Pros: small nicks and scratches can be polished out of marble countertops. Marble does not conduct heat very well so it stays natural cool all year round. This is a major plus to those that make baked goods and pastries fairly often, as the surface is perfect for rolling out dough.

Cons: softer than granite and requires more delicate use and greater care. Marble countertops must be sealed periodically. Marble can chip and stain more easily than granite as well. If you have hard water where you live, it is possible that it will leave stains on your marble, even if it has been sealed.

Recycled Glass

Recycled glass countertops offer a contemporary and unique style for the home. Recycled glass countertops consist of recycled shards of glass that are placed together to create interesting and perhaps colorful design option.

Pros: design possibilities are endless. Recycled glass provides a truly unique look that you can be proud of. The material durable as well as being resistant to heat, cuts and scratches.

Cons: recycled glass can be highly susceptible to cracks and chips. These are costly to repair for a homeowners. While recycled glass is said to be heat resistant, it has been found that high heat has caused hairline cracks in the surface of these countertops, so extra caution should be placed to keep the countertops from cracking or chipping.

Soapstone

Soapstone is a natural stone material similar to granite, but much softer. It also has a beautiful matte finish or can be polished for a nice glossy finish.

Pros: resistant to staining, heat, and etching from acid. Small scratches can be buffed or oiled away on a soapstone countertop. Soapstone does not need to be sealed or cleaned with any type of special cleaner. Any regular household cleaner will work on its surface.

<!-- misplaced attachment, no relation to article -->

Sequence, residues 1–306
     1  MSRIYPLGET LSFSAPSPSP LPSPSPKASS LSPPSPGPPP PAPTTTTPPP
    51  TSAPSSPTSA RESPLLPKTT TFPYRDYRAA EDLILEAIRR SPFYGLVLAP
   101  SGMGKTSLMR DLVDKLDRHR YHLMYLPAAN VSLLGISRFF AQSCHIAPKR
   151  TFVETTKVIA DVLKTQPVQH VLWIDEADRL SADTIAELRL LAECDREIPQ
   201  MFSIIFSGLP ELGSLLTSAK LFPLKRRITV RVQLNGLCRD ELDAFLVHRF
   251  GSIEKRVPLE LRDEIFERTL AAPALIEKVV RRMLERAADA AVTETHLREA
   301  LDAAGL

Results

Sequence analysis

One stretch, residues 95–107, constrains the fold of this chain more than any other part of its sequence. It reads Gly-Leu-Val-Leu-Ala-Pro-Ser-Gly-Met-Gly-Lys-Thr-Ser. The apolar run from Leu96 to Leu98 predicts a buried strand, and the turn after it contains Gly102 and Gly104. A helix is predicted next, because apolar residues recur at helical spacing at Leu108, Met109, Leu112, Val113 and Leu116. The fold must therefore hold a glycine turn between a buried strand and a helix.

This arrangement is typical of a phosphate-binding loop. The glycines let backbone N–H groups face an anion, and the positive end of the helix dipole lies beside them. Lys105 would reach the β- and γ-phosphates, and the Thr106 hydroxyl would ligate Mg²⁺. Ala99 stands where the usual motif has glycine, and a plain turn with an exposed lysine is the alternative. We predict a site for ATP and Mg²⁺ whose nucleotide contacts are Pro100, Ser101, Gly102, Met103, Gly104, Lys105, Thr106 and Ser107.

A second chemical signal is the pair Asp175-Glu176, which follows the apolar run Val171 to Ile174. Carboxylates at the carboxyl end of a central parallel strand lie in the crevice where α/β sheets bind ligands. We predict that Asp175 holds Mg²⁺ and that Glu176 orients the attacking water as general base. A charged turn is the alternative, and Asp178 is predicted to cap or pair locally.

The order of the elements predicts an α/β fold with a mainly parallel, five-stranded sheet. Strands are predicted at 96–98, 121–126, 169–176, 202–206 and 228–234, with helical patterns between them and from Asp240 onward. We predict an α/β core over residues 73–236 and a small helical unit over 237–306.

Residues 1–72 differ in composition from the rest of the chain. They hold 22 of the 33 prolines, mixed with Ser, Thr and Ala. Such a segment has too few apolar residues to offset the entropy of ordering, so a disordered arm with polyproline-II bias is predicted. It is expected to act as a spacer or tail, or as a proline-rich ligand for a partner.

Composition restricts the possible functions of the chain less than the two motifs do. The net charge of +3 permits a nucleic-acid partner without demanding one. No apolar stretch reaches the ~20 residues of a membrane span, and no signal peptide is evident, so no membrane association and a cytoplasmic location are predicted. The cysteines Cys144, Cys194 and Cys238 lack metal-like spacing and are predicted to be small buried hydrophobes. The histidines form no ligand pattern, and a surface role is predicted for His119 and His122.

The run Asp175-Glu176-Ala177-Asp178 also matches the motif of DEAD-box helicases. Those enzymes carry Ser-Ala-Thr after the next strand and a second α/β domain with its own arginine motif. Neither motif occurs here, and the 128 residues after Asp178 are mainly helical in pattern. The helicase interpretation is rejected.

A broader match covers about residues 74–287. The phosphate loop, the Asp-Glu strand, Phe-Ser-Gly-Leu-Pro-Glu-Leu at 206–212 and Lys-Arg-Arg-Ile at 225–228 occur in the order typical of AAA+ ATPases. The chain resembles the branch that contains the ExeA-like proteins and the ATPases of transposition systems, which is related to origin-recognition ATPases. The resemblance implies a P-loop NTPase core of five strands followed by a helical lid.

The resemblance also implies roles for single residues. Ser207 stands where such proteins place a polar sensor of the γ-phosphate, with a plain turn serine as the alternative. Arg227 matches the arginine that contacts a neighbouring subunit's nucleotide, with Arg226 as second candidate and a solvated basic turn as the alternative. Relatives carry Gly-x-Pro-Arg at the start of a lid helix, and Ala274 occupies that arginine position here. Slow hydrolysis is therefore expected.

Cons: because it is softer than granite, it will require more delicate use and greater care. Soapstone countertops must be sealed periodically. Soapstone is also not as common, so it may be harder to get and more expensive than other stone countertop options. Soapstone countertops need regular oiling and buffing. The color of the countertops also tends to darken over time, which may be undesirable to some. In addition, there aren’t as many color and style options available.

Solid Surface

Solid surface countertops are made of polyester or acrylic resins that are combined with mineral fillers. This countertop material has a lot of appeal because of the endless design possibilities. Since solid surface countertops are a manufactured material they can be shaped into almost any shape imaginable. The ability to shape this material works well for those that have unique design ideas. Solid surface countertops also offer the ability to add colors and designs to them for a truly one of a kind look.

Pros: solid surface countertops are resistant to heat and impact. If the material does end up getting small chips or scratches they can be easily be buffed out instead of needing to have extensive repair. Solid surface works with under-mounted sinks and is waterproof unlike natural material countertops. This material can also be used as a backsplash which offers a cohesive look to your kitchen. The joints on solid surface countertops are practically invisible as well which guarantees a desirable, seamless finish.

Cons: solid surface countertops can stain or scratch fairly easily, so some care and caution needs to be taken to keep the countertops looking good for years to come. Solid surface is less expensive than other materials such as marble, granite, and Quartz.

If you are remodeling your kitchen and need expert advice and installation of countertops, then contact Lexmar. Lexmar has many options and styles of countertops to choose from. Contact them today and have your dream kitchen become a reality in no time.